He was too quick to snap his head toward the window glass; he stared at the car for too long, and now he had become fascinated by the flies gathered around the trunk. Perhaps he even understood what the insects wanted-and yet he smiled. “No, I don’t recognize it.”
Shrinks so rarely gave anything away without a warrant.
“Then I don’t need to talk to you.” Mallory picked up a doughnut and rose from the table, as if she planned to eat it elsewhere, not wanting his company anymore. Paul Magritte raised one veined hand in a gesture to stop her from leaving him.
She knew he would.
“What!” she said, as Kronewald would say it-implying that the old man should spit it out now, or leave her be.
“I know a man from Colorado. He was supposed to join our caravan yesterday, but he never showed up at the meeting place.”
“Which was where?”
He only hesitated for a moment, for it was hardly privileged information. “In Chicago.” He reached into his shirt pocket and pulled out a plastic pen imprinted with a hotel logo and address. “This place.”
“I need your friend’s name and address.” She sensed a stall in the making. No time to think, old man. “Give me his name-now.”
“Gerald Linden. He’s from Denver. I have a phone number,” he said, fumbling with the zippered pockets of a nylon knapsack. “I’m afraid I never knew his street address. We communicated by e-mail. Did something happen to him?” Paul Magritte’s concern was the genuine article.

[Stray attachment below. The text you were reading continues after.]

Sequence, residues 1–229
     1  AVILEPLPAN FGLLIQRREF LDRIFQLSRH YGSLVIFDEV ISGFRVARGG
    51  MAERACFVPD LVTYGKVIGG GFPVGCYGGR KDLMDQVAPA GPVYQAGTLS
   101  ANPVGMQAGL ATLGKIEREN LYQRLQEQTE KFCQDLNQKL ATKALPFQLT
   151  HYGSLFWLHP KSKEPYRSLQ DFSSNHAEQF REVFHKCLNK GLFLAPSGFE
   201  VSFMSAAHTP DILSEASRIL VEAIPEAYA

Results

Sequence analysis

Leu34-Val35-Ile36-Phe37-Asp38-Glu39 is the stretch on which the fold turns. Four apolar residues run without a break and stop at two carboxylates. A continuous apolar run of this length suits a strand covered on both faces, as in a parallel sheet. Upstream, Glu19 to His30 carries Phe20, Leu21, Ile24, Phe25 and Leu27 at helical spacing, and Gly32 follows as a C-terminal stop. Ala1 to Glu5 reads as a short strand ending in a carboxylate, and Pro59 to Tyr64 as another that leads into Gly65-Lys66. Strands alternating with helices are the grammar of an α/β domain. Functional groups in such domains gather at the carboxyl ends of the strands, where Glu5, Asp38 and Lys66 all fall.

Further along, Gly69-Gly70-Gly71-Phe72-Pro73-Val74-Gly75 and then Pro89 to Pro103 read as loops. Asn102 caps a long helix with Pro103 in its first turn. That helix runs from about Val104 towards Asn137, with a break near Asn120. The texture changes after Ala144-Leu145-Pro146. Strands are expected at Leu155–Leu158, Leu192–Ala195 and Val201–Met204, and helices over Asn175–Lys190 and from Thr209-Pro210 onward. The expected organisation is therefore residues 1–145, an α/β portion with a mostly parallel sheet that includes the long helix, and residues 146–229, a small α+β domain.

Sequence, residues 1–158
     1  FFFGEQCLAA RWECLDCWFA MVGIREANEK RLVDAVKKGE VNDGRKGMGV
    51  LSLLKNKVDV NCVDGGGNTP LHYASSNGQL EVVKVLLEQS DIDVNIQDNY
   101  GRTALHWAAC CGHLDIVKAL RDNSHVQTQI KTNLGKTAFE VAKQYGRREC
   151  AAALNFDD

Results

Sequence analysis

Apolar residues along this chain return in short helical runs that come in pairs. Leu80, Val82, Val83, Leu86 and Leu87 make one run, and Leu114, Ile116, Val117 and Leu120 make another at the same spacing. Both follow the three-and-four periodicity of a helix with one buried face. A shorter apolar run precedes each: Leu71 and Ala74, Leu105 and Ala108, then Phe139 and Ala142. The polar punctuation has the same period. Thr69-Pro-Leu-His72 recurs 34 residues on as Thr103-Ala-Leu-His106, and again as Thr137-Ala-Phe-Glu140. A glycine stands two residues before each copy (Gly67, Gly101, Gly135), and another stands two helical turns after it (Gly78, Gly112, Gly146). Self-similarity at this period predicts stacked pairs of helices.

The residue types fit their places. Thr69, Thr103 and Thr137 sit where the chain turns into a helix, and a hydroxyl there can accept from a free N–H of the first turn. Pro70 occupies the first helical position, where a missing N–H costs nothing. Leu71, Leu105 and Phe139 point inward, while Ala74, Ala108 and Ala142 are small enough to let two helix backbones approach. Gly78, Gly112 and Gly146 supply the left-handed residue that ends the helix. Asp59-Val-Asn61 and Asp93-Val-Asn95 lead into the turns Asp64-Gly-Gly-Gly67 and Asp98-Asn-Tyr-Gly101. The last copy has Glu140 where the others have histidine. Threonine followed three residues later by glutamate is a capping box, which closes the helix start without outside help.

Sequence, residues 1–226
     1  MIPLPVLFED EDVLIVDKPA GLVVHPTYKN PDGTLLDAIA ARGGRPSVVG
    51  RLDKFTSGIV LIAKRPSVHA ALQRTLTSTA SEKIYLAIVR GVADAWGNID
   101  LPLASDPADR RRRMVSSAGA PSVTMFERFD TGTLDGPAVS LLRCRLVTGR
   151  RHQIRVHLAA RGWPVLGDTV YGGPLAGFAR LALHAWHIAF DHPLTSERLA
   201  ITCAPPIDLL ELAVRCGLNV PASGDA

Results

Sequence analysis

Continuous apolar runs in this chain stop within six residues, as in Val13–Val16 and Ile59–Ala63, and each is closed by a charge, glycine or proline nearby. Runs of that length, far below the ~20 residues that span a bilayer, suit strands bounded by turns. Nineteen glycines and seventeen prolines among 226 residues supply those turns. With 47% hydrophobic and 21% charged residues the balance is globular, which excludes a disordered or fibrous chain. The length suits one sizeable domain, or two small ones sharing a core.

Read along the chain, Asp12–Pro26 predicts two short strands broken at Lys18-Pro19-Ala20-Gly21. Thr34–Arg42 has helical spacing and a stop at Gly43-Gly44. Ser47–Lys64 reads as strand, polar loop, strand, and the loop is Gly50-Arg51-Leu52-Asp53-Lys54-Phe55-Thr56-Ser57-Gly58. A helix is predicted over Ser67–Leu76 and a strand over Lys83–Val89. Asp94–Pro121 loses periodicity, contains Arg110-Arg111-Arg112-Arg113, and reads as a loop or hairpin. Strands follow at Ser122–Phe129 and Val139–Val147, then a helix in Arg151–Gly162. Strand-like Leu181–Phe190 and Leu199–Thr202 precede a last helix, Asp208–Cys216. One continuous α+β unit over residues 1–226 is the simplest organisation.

She knew the Ford was registered to Gerald C. Linden of Denver, Colorado. However, because Mallory was in the business of getting information and not giving it out, she said, “We’re done.”
This time, Magritte wore a smile of relief to see her rise from his table, and she understood his logic: He believed that she would have stayed to ask more questions if this car, which so interested the police, had belonged to the man he knew.
But Mallory had other reasons for leaving a frail old man in peace: Chicago homicide detectives might appreciate her collecting information for them, but not conducting their interviews. Kronewald’s squad could track down the old man and his troop of parents later on. These people would move slowly, stopping everywhere with their posters and photographs of missing children. They would not get far into Missouri before nightfall, and she knew where they were going. They were following old Route 66, and one glance at the maps laid out on the table told her where they would camp come nightfall.